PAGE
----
We are back at our scenic study area in Slettnes in the far north of Norway. ‘We’ in this case consist of: Hans Schekkerman, Rinse van Vliet, Marc van Roomen, Janne Schekkerman, Geert Aarts and Ingrid Tulp. Goals for this year is to retrap as many Arctic Skuas and red-necked Phalaropes, with geolocators loaded with data of their whereabouts from the previous year(s), as possible. Last year was extremely early with first skua nests hatching already at 12 June, this year is the opposite. First nests are expected to hatch only at 28th of June. There was an exceptional load of snow in Northern Norway this year, the vegetation is two weeks behind a ‘normal’ schedule. But given that there is enough snow free area at Slettnes, this cannot be the reason for the late start of the skuas. Hopefully the loggers will reveal what kept them so long before arriving here. Up to now we only managed to recapture 4 skuas. We still miss a lot of known birds. Up to now we resighted 37 of the total of 73 birds colour-ringed in the previous years. Many of them still need to start breeding. Yesterday (13 June) we found several one egg nests that just started. All in all we have the impression that breeding numbers are considerably lower here in Slettnes in the period we are coming here (since 2014) than they were in 1998, when the last inventory was carried out. To check this idea, we are going to do a colony wide census this year, something we did not do systematically yet in the recent years.
The red-necked phalaropes are at a more normal time schedule. Groups of males and females are on the lakes, twittering and chasing each other. Hormones are swarming around along the lakes edges! The first birds already have nests. We use a new method to catch the swimming phalaropes: a mistnet held flat between two persons immerged in the water just below the water surface, wait until the birds swim over it and then quickly lift the net from the water and flapping the bird! Yesterday we caught five birds within ten minutes this way. We already managed to retrap three loggered males (of which one unfortunately lost his logger).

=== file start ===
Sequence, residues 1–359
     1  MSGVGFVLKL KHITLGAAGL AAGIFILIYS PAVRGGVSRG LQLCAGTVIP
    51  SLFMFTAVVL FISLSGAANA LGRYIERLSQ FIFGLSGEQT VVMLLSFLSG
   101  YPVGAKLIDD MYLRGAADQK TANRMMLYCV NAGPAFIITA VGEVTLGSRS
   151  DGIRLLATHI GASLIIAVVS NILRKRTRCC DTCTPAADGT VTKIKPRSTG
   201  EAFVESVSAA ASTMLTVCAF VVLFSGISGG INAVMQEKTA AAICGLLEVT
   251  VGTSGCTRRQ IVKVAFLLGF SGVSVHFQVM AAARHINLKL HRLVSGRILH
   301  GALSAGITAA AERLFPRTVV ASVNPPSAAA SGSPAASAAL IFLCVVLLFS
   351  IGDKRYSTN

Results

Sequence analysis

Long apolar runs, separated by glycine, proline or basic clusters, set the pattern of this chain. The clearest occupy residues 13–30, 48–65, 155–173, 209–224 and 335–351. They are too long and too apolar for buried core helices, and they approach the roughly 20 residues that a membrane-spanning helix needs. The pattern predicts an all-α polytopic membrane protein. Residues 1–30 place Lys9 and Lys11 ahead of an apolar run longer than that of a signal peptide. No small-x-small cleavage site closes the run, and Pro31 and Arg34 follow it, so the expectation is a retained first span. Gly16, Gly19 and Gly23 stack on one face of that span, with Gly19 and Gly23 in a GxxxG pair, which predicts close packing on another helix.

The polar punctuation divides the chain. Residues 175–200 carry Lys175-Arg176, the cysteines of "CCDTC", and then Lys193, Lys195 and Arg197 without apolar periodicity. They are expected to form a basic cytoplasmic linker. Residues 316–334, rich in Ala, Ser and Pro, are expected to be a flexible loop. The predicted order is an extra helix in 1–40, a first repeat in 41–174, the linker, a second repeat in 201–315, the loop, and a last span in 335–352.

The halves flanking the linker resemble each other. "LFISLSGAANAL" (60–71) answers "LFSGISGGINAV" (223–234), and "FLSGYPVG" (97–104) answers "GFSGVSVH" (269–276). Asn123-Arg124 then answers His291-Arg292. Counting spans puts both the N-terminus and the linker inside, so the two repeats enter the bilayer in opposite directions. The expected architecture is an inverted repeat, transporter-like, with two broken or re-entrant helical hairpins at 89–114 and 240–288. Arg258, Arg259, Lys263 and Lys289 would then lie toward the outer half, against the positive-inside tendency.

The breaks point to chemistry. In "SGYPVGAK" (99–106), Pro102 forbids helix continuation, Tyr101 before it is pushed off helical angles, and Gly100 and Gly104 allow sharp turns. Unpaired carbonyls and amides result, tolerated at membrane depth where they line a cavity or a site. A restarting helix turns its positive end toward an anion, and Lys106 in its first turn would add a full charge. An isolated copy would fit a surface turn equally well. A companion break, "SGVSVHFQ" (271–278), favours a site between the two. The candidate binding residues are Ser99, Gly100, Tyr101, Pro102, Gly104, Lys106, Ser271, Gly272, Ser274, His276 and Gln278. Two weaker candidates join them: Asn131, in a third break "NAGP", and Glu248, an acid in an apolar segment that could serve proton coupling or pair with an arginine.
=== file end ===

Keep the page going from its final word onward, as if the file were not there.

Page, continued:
An ‘increase year’ was expected for the lemmings and other rodents in Ammarnäs. In such years, rodent populations slowly recover from a crash and build up towards a next peak. At such intermediate rodent densities, Long-tailed Skuas in Ammarnäs usually breed at least in the best area: Raurejaure.
Today we (Morrison Pot and I) crossed the tree line in Ammarnäs for the first time this season. After only about ten minutes the disappointment already sank in: this was going to be another non-breeding year for the Long-tailed Skuas. The second in a row, thereby repeating the pattern of 2012/2013. A pair was sitting quietly, occasionally picking some berries or insects. At this date, one of the partners should be incubating an egg…
The good news is that we resighted several colour-ringed skuas and all were still carrying their geolocators. Two birds have apparently switched partner, meaning two ‘famous’ birds are now missing: KJ, known for its extremely aggressive nest defense, and KM, a bird that we used to see on every visit to Raurejaure, as it bred at the ‘entrance’ of the area.